But it is also genius that TWC is using this particular film as its weapon, and IMAX as its partner, to slice through the iron-clad resolve of North American movie theaters to maintain their exclusive window for theatrical exhibition.
And the reason, like so many things with Hollywood of late, has to do with China.
Let’s take a step back for a moment. The “theatrical window” — i.e., the space of time when a feature film is available only at movie theaters, usually lasting roughly three months — is something that major Hollywood studios have been itching to shorten since at least 2011. That’s the year Universal floated a plan to offer the Ben Stiller-Eddie Murphy comedy Tower Heist on cable VOD three weeks after its theatrical release — for a whopping $60. It was met with a swift and resolute rejection by American movie theater chains, which refused to show the movie at all if Universal went through with its plan. The studio quickly backed down, because its plan made no sense: The studio still needed that theatrical run, since there was very little chance Tower Heist’s target audience was all that keen to spend $60 to watch a movie they would have spent $8 on at the theater. Universal had no leverage, exhibitors knew it, and they called the studio’s bluff.
But closing that theatrical window has remained a priority among Hollywood studios, for the simple fact that for over a decade now there has been a seemingly inexorable erosion of audiences away from movie theaters and into their homes. In 2002, according to Box Office Mojo, nearly 1.6 billion tickets were sold in the U.S. Last year, it was just over 1.3 billion — a loss of almost 300 million moviegoers over 11 years. Theaters have been scrambling to entice audiences back, with amenities like assigned seating, fancier chairs, and in-theater food service, while at the same time boosting ticket prices and especially 3D surcharges to make up the difference. But while they’ve succeeded in propping up box office revenue — $10.9 billion in 2013 versus $9.2 billion in 2002 — that steady drip of audiences away from theaters has been weighing on Hollywood’s mind. (This summer’s abysmal box office certainly has not helped matters.) Studios want to start making serious money from the other ways people are watching their movies — on their wide-screen TVs, tablets, and (shudder) smartphones — as quickly as possible.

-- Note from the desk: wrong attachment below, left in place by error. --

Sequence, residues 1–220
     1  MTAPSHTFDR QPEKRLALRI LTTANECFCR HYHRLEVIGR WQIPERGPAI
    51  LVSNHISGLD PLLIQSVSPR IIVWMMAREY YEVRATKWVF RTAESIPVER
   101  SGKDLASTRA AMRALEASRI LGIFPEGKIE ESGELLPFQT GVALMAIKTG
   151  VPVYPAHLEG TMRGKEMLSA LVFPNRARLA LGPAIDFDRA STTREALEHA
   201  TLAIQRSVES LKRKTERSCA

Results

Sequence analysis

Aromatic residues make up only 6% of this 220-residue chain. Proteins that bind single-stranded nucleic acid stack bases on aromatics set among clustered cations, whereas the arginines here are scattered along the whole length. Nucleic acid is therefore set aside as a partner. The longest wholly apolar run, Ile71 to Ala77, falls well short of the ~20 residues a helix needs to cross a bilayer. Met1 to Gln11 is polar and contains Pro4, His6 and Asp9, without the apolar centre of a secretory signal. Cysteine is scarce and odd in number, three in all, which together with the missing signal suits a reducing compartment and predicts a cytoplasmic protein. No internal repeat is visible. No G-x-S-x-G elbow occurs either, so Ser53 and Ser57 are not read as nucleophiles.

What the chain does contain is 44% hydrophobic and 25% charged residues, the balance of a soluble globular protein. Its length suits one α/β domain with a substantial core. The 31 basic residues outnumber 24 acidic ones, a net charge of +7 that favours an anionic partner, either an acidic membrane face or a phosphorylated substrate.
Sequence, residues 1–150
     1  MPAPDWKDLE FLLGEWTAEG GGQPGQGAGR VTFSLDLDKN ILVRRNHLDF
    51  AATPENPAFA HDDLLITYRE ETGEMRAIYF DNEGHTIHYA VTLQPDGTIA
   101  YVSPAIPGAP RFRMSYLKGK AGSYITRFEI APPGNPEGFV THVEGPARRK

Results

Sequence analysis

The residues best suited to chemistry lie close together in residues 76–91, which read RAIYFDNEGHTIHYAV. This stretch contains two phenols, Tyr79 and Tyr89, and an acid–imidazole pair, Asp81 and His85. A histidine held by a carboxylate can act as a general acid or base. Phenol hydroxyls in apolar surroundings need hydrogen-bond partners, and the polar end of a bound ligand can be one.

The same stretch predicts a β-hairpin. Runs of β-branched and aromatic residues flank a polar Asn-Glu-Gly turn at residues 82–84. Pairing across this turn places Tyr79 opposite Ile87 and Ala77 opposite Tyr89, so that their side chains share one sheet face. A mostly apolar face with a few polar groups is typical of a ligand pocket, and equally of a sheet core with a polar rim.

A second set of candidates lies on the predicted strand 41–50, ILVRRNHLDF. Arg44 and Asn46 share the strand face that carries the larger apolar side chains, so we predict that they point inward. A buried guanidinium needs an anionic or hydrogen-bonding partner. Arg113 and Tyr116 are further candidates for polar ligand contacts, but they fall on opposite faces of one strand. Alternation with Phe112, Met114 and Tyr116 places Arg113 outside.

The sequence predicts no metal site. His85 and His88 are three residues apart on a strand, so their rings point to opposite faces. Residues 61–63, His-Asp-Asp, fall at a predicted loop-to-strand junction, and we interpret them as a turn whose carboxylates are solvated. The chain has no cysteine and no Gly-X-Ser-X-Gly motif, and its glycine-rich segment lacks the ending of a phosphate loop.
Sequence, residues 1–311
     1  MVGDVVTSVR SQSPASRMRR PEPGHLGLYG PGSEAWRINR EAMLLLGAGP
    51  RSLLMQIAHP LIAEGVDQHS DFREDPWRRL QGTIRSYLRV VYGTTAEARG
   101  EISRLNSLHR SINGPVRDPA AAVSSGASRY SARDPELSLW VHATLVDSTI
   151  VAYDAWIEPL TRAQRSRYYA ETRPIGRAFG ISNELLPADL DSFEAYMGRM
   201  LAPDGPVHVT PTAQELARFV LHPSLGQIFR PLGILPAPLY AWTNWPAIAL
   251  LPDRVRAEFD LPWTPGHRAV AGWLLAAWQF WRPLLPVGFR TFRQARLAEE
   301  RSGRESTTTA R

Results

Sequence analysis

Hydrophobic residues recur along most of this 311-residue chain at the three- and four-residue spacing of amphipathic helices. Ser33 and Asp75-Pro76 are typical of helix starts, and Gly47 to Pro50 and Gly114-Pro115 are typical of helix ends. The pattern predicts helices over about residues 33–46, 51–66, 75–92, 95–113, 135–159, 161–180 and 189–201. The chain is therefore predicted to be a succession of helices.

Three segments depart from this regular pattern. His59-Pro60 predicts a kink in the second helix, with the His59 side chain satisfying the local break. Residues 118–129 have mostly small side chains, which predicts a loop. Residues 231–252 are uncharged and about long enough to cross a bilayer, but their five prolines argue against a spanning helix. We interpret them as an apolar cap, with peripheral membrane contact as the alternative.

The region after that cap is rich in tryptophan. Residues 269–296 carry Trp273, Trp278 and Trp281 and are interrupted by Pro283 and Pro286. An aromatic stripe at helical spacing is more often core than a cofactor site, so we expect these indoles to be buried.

The one exception: IMAX, which has seen its business and its audiences grow since it started showing theatrical releases and not just nature documentaries. Some major directors — including Christopher Nolan, Michael Bay, and J.J. Abrams — have taken to shooting huge chunks of their movies on IMAX cameras, making their films must-see-in-the-theater experiences for a growing number of moviegoers.
Meanwhile, in China, theatrical business is expanding wildly, so much so that in just three short years, the country has come to dominate the international box office. As of June 30, IMAX had 152 commercial theaters in China, just over 20% of its 735 commercials screens worldwide, and, according to Variety, the company plans to have more than 200 screens in China by next year. Even though studios make far less per movie ticket in China than they do in the U.S., and exhibition deals in the country are nightmares to negotiate and maintain, the rapid box office growth in China has made the country impossible for Hollywood to ignore.
So, to recap: The Weinstein Company will release the sequel to one of the highest grossing Chinese-set movies of all time on Netflix, the biggest subscription streaming video service in the U.S. Subscribers to Netflix will have already paid for the opportunity, making the film much cheaper than shelling out to see it in a theater. If audiences do want a big-screen experience, they will only be able to find it on IMAX, and given how few movie theater chains will allow their IMAX screens to play Crouching Tiger 2, audiences will be that much more incentivized to watch it on Netflix. And since Netflix isn’t in China, IMAX will be the exclusive exhibitor there for a movie that was always likely to make the most money in that country anyway — whether the film plays commercially, or solely in science centers and aquariums.